Story By Therese Hall

When pilot Scott Bridle musters cattle on the vast pastoral stations of Australia’s north, his mind is firmly focused on the cattle below. He loves stock work and feels a great rapport for the graceful beasts that he herds from aloft.
But he sees other things as well. He sees decorative patterns in river tributaries, artistic compositions among mustering yards and wonderful formations in the undulations of the landscape and the elongated shadows cast by horse and rider at twilight.
Scott is a stockman, a pilot, a photographer and an artist. One career path has morphed into the next – and all have fertilised each other – in his 20-year working life. “I was one of the young ringers who used to get into trouble for watching the helicopter instead of the mob,” he laughs.
After a dozen years of stock work on cattle stations in the Northern Territory’s Barkly Tableland and Queensland’s Gulf of Carpentaria and Channel Country, Scott was expected to step up to a managerial position. “But I got my helicopter licence instead,” he says. “It was about being hands-on – I wanted to continue managing cattle, not books and men.”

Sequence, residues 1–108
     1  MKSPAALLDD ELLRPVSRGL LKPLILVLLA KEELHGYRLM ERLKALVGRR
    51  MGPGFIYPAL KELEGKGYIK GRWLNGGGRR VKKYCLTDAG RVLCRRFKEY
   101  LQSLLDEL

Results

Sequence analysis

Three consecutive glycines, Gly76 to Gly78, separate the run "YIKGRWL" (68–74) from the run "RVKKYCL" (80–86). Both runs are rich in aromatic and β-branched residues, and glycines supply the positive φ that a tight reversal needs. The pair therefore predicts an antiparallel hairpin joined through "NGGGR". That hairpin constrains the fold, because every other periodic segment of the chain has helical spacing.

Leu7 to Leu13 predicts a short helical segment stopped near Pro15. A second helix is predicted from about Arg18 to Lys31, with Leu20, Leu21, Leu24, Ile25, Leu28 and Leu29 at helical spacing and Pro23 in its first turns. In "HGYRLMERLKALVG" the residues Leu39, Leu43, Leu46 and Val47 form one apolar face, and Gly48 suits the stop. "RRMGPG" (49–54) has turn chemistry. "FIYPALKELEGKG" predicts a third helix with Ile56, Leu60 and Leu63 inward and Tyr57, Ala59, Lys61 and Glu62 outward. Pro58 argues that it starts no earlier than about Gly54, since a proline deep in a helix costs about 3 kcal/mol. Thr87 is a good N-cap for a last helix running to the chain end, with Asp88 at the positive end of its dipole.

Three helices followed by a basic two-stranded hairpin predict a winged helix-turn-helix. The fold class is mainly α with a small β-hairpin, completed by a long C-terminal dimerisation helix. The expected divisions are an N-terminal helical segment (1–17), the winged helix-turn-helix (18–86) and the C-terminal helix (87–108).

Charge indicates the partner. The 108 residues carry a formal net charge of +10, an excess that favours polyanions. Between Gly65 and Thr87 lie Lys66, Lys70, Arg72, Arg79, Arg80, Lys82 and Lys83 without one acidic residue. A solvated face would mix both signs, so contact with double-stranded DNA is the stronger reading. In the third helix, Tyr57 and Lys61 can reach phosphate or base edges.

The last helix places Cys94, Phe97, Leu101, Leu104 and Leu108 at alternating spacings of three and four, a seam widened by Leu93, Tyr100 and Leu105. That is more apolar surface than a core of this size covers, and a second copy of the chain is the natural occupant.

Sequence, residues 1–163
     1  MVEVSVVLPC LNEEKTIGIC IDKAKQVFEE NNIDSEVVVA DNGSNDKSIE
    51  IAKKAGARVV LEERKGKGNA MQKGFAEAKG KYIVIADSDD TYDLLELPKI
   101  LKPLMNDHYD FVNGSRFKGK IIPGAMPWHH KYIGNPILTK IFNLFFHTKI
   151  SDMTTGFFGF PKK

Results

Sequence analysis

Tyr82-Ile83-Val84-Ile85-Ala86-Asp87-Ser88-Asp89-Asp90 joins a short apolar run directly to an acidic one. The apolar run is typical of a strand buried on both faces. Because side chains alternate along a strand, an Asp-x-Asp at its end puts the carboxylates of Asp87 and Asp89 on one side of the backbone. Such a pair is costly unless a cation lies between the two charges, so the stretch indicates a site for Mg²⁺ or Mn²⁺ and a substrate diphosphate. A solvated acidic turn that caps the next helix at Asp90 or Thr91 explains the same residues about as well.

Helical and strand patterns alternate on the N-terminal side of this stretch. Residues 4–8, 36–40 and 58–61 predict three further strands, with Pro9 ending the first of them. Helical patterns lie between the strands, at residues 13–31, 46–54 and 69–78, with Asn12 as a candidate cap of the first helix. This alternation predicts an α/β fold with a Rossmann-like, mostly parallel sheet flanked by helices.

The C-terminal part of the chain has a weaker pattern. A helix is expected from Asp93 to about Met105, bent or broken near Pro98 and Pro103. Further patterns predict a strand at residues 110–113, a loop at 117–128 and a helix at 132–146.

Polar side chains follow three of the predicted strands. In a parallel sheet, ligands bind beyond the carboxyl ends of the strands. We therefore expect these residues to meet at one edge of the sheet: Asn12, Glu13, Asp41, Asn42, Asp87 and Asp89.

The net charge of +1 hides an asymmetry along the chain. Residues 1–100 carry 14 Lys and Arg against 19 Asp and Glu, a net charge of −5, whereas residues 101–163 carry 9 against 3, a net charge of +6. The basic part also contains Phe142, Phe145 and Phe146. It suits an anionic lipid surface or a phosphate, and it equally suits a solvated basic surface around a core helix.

In the eight years he has been flying choppers for a living, he has transformed a childhood interest in photography into a passion for aerial imagery. “Photography is a way of seeing things,” he says.
Whenever Scott “sees things” from his airborne perspective – in the cockpit of an R22 – he photographs them. Over the years he has gathered an impressive collection of aerial images unlike anyone else’s. Although Western Australia’s well-respected aerial photographer Richard Woldendorp is an inspiration for him, Scott’s work is unique. When Scott looks down on the earth, he embraces the pastoral life he knows and loves.

This story excerpt is from Issue #74

Outback Magazine: Dec/Jan 2011